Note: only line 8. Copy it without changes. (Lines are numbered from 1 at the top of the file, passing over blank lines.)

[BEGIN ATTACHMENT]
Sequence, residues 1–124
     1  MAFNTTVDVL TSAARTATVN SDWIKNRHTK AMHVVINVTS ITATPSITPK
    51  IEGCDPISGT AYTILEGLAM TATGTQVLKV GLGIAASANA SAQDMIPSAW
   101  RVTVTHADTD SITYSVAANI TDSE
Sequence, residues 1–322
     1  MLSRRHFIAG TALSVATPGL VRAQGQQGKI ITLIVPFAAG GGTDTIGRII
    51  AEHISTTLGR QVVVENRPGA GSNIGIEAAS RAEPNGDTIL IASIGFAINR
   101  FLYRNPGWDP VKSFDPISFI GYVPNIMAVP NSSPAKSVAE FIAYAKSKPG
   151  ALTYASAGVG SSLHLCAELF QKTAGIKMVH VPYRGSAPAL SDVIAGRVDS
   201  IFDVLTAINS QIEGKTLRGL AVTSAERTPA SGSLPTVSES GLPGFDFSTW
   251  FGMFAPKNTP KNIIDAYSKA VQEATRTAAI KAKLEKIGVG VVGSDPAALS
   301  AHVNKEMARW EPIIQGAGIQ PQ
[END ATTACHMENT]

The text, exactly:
   101  FLYRNPGWDP VKSFDPISFI GYVPNIMAVP NSSPAKSVAE FIAYAKSKPG